Menu Down Arrows

Search

Download Magazine

View or download the print version of the magazine. PDF icon

Download Winter 2017
Hurrican Aftermath

Hurricanes affect study-abroad experiences

Baird and Hauser discuss their evacuations from Cuba and the Dominican Republic

Hurricane Irma came to Spartanburg in the form of a few of days of rain and some cool weather. Students studying abroad, however, had a different experience. 

Emma Hauser ’18, studying abroad in Santiago in the Dominican Republic, was evacuated when Hurricane Irma threatened the Dominican Republic and again when Hurricane Maria followed. She says Irma did not do as much damage to the Dominican Republic as expected, so the actual evacuation process was the most difficult part of the experience.

“At first, we were going to take a direct flight to Atlanta," says Hauser, "but our insurance company could not secure a landing permit for their plane so we had to evacuate through the U.S. Embassy. That flight took us to Washington D.C., but one of the stipulations of evacuating with the embassy was that we received a stamp on our passports that basically voided them for any future use.”         

Hauser says that the stamp, which required renewed passports after entrance into the U.S., prolonged their stay in D.C., a total of 10 days. "Because we were in D.C. for so long, the main problem was getting caught up on all the schoolwork we missed," says Hauser.

Irma's effect on Havana, Cuba, however, was not as mild. Brooke Baird ’19 was evacuated to New York for a week from her study-abroad program in Cuba.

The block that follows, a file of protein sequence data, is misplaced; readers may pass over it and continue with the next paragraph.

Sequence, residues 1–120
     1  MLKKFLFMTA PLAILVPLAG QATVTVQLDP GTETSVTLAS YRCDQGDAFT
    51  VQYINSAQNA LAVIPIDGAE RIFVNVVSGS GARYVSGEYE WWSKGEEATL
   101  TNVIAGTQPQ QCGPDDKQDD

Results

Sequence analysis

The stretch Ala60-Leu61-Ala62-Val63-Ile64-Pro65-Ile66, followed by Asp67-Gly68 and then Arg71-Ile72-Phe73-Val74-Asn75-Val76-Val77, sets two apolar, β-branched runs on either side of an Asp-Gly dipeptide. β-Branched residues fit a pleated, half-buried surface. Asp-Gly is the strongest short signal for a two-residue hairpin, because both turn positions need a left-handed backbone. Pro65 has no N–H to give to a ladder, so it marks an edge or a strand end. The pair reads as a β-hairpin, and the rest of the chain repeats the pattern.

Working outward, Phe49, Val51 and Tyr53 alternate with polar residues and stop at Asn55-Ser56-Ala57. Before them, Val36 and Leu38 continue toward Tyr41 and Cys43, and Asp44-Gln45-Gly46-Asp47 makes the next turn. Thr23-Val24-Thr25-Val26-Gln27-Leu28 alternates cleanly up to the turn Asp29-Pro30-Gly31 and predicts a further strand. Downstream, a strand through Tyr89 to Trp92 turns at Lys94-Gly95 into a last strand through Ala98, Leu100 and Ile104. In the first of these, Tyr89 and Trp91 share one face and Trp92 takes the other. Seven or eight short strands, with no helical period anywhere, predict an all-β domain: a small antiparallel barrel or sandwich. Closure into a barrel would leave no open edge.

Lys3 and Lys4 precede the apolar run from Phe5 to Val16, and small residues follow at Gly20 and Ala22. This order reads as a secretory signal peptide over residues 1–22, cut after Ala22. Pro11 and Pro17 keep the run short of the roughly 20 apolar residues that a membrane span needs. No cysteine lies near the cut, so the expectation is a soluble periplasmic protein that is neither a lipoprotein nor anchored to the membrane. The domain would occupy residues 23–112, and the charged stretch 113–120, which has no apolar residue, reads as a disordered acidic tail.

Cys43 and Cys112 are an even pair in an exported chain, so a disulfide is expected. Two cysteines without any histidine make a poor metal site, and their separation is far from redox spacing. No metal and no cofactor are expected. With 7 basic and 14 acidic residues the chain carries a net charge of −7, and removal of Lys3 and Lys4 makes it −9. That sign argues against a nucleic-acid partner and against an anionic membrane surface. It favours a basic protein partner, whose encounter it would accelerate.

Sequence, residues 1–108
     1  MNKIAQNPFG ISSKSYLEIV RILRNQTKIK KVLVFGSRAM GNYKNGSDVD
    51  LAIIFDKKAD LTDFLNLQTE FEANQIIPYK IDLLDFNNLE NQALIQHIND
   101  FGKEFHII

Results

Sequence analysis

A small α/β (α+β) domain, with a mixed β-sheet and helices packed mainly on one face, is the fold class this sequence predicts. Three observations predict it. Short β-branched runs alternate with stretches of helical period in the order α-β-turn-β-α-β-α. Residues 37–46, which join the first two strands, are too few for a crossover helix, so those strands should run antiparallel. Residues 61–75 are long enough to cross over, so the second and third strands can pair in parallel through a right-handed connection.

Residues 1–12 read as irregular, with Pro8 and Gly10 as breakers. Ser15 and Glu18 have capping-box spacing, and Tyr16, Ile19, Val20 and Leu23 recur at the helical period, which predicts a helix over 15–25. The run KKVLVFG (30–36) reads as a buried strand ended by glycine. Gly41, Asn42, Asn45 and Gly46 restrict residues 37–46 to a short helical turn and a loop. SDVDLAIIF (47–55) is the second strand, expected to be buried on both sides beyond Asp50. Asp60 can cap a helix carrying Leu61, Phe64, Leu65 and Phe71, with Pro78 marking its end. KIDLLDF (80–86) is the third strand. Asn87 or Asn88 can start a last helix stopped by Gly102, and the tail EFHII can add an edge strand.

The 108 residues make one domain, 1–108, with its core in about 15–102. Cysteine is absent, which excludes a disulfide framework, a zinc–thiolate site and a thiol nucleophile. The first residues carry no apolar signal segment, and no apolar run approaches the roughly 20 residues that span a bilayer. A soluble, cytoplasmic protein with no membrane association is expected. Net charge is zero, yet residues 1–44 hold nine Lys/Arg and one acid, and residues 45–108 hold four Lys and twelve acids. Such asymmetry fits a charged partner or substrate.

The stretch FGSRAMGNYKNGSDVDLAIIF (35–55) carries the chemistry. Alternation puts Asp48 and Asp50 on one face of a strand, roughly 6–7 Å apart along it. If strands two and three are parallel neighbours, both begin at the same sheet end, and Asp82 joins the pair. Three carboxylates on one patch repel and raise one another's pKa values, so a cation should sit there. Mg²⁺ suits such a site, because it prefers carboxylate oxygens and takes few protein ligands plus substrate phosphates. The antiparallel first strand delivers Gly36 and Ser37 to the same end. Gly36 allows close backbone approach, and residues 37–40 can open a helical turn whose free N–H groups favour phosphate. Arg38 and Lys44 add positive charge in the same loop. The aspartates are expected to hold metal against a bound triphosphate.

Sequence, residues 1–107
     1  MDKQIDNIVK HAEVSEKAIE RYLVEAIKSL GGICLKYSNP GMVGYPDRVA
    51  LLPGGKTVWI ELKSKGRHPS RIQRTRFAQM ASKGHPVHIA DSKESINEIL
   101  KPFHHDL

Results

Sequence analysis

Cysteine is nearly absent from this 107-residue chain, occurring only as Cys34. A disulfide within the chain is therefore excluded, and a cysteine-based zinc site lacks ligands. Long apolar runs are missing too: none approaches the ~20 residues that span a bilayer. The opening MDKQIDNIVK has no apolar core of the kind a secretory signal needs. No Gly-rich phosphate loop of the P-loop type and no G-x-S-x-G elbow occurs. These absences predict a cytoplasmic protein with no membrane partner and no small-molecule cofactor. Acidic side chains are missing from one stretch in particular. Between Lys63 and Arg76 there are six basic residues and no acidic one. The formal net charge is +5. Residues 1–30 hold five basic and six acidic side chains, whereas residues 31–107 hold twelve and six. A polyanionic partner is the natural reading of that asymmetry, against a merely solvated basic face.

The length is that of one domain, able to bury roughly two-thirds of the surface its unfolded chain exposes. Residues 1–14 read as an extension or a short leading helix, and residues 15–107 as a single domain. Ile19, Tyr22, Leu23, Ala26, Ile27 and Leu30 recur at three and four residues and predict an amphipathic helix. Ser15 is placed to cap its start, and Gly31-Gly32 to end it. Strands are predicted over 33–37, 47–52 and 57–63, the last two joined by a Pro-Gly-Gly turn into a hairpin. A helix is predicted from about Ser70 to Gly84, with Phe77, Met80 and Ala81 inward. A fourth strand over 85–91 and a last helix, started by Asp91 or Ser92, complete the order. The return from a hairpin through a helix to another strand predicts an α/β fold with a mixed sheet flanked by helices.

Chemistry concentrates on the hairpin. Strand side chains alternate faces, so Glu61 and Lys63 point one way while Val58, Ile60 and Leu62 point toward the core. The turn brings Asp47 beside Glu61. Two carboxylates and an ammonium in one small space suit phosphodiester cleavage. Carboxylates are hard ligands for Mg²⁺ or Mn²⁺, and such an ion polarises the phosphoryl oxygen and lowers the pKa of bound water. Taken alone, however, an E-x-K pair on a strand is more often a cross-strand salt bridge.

According to Baird, her group was told at 11 a.m. that they would be leaving Havana for New York at 11:30 a.m. She says that once she connected to Wi-Fi in the airport her phone was going off with people from home trying to contact her to make sure she was ok. 

Amy Lancaster, dean of international programs, speaks very highly of the CIEE, the organization through which Baird was studying in Cuba. “Because we have such confidence in them, we were expecting them to reach out to us before we even had a chance to contact them (which they did)," says Lancaster. "CIEE was already able to make adjustments and work with the U.S. embassy. I couldn’t have asked for it (the evacuation process) to go better.”

Upon evacuating, Baird says she came to understand how big of a deal Irma actually was, “I felt very lucky to be safe and to know that I had people around the world checking to make sure I was okay. I also realized how uniformed I was about such a major storm when I immediately saw what others were saying about it.”

After her 10-day evacuation, Baird and her group returned to Havana with supplies for their host families that they had bought in New York. “I think the hardest part was not having a clear picture of what we were going back to," she says.

Once back in Havana, Baird and the other students studying abroad saw first-hand the damage done by the natural disaster. “It was difficult to come back and feel like life was paused with no purpose, but I realize that it was part of returning to a city that was recovering from a natural disaster. Food was hard to find, trees were blocking roads, buildings had collapsed, streets were still flooded, many places were closed, my family didn't have water or electricity. The whole city was on pause.”

Despite the interruption in her study abroad experience, Baird says that she feels incredibly lucky that she had the opportunity to evacuate, “Although Irma created a major pause in my semester, the experience has taught me a lot about the Cuban people's resilience and positivity.”

According to Lancaster, the Wofford study abroad network of partnerships is designed to respond quickly to a variety of emergencies. “Wofford students have no reason to worry about overseas issues any more than they do domestically,” she says.

By Caroline Maas ’19